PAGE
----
Enterprise giant Oracle is facing a fresh privacy class action claim in the U.S.
The suit, which was filed Friday as a 66-page complaint in the Northern District of California, alleges the tech giant’s “worldwide surveillance machine” has amassed detailed dossiers on some five billion people, accusing the company and its adtech and advertising subsidiaries of violating the privacy of the majority of the people on Earth.
The suit has three class representatives: Dr Johnny Ryan, senior fellow of the Irish Council for Civil Liberties (ICCL); Michael Katz-Lacabe, director of research at The Center for Human Rights and Privacy; and Dr Jennifer Golbeck, a professor of computer science at the University of Maryland — who say they are “acting on behalf of worldwide Internet users who have been subject to Oracle’s privacy violations”.
The litigants are represented by the San Francisco-headquartered law firm, Lieff Cabraser, which they note has run significant privacy cases against Big Tech.
The key point here is there is no comprehensive federal privacy law in the U.S. — so the litigation is certainly facing a hostile environment to make a privacy case — hence the complaint references multiple federal, constitutional, tort and state laws, alleging violations of the Federal Electronic Communications Privacy Act, the Constitution of the State of California, the California Invasion of Privacy Act, as well as competition law, and the common law.
It remains to be seen whether this “patchwork” approach to a tricky legal environment will prevail — for an expert snap analysis of the complaint and some key challenges this whole thread is highly recommended. But the substance of the complaint hinges on allegations that Oracle collects vast amounts of data from unwitting Internet users, i.e. without their consent, and uses this surveillance intelligence to profile individuals, further enriching profiles via its data marketplace and threatening people’s privacy on a vast scale — including, per the allegations, by the use of proxies for sensitive data to circumvent privacy controls.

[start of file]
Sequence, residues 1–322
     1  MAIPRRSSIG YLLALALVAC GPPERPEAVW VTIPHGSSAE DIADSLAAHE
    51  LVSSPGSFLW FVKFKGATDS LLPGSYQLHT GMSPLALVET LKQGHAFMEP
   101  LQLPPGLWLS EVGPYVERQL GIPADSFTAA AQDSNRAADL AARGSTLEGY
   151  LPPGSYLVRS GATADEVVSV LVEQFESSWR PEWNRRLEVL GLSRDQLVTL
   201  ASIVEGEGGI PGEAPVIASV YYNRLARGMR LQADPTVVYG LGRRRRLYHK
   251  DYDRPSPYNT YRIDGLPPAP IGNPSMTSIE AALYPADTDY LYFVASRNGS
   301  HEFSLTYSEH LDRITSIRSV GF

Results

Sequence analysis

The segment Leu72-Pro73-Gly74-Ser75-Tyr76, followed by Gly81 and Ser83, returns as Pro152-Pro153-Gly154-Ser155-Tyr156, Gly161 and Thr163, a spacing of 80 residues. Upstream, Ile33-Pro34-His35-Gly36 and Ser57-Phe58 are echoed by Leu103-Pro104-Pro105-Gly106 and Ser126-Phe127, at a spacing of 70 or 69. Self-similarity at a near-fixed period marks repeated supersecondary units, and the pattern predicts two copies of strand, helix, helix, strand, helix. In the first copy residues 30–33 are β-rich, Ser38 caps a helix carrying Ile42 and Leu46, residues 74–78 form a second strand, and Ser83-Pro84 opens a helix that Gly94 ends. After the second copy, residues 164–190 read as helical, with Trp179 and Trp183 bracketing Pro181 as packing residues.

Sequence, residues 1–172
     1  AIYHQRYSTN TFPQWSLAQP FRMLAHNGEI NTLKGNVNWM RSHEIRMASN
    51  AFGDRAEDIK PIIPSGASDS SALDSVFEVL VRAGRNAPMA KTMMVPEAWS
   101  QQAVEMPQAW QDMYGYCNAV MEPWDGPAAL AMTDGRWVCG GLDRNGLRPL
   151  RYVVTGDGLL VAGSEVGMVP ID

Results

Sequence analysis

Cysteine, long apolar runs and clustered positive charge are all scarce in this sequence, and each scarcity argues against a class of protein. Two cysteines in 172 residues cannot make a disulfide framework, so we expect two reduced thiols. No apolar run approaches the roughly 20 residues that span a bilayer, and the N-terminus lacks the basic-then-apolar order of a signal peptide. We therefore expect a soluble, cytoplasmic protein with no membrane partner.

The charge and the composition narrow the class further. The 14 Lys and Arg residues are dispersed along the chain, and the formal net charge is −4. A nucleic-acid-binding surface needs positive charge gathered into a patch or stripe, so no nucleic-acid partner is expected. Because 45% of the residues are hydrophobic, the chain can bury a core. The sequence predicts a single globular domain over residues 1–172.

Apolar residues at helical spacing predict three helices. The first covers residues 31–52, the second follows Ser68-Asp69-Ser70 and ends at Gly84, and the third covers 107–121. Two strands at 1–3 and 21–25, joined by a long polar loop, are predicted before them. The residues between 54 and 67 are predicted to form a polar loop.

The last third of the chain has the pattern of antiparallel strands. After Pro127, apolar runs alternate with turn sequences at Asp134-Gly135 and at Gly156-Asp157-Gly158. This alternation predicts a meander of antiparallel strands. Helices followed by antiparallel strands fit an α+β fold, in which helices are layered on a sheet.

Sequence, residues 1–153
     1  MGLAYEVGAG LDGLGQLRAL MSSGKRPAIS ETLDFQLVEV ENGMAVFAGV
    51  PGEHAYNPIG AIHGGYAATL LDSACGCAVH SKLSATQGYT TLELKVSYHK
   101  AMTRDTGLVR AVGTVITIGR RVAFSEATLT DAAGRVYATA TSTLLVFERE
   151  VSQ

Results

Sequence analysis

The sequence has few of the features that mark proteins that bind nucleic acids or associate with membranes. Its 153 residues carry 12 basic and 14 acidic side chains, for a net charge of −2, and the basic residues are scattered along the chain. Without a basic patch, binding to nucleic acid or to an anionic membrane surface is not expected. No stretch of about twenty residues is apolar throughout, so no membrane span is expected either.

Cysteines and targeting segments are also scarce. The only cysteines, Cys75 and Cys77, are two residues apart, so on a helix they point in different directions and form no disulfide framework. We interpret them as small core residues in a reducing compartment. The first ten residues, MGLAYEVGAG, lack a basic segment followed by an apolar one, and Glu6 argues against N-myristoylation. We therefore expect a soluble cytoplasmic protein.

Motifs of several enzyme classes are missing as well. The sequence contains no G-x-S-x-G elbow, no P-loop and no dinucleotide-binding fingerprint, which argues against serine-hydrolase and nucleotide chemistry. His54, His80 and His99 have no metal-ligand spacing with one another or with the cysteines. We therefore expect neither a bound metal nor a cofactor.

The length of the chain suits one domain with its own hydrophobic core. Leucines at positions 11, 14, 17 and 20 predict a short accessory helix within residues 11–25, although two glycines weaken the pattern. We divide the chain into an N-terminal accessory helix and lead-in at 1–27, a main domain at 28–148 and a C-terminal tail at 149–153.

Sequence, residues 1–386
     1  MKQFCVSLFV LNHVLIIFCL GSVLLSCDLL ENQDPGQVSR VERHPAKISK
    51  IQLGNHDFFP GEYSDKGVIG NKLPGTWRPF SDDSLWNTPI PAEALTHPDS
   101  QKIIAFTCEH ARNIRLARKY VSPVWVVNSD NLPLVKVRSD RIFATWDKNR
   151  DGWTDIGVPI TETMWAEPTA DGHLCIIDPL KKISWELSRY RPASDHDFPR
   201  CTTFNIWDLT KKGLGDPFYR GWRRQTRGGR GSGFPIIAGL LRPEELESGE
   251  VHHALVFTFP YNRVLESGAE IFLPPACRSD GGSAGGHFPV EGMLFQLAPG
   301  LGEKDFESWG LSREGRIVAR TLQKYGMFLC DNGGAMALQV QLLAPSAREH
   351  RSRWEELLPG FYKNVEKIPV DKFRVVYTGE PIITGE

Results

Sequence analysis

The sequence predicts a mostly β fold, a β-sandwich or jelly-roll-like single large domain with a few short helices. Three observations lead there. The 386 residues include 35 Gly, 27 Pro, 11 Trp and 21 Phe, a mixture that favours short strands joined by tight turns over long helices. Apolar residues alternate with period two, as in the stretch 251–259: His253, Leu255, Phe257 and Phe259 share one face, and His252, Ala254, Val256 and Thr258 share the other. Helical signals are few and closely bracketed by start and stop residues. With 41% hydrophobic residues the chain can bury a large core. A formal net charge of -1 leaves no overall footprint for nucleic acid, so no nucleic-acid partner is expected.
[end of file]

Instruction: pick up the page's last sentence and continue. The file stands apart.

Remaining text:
Commenting on the suit in a statement, Ryan said: “Oracle has violated the privacy of billions of people across the globe. This is a Fortune 500 company on a dangerous mission to track where every person in the world goes, and what they do. We are taking this action to stop Oracle’s surveillance machine.”
A spokesman for Oracle declined to comment on the litigation.
A couple of years ago the firm was facing class action suits, along with Salesforce, via a legal challenge to its tracking in Europe — which intended to focus on the legality of their consent to track web users, citing the region’s (contrastingly) comprehensive data protection/privacy laws.
However the European legal challenges, which were filed in the Netherlands and the U.K., have faced tough going — with a Dutch court ruling the suit inadmissible last year, because (per reports) it judged that the not-for-profit pursing the class action had failed to demonstrate it represented the alleged injured parties and so did not have legal standing. (Although earlier this year the organization behind the suit, the Privacy Collective, said it would appeal.)
The U.K. branch of the legal action, meanwhile, was stayed pending the outcome of an earlier class-action style privacy suit against Google — but last year the U.K. Supreme Court sided with the tech giant, blocking that representative action and dealing a blow to the prospects of other similar suits.
In the Lloyd v Google case, the court found that damage/loss must be suffered in order to claim compensation — and therefore that the need to prove damage/loss on an individual basis cannot be skipped — derailing the litigation’s push for a uniform “loss of control” of personal data for each member of the claimed representative class to stand in its stead.
The ruling was considered a hammer blow to opt-out class actions for privacy claims at the time — clearly throwing another spanner in the works of the Oracle-Salesforce class action’s ability to proceed in the U.K.
The challenges of litigating privacy class actions in Europe likely explain the push by digital rights experts to test similar claims in the U.S.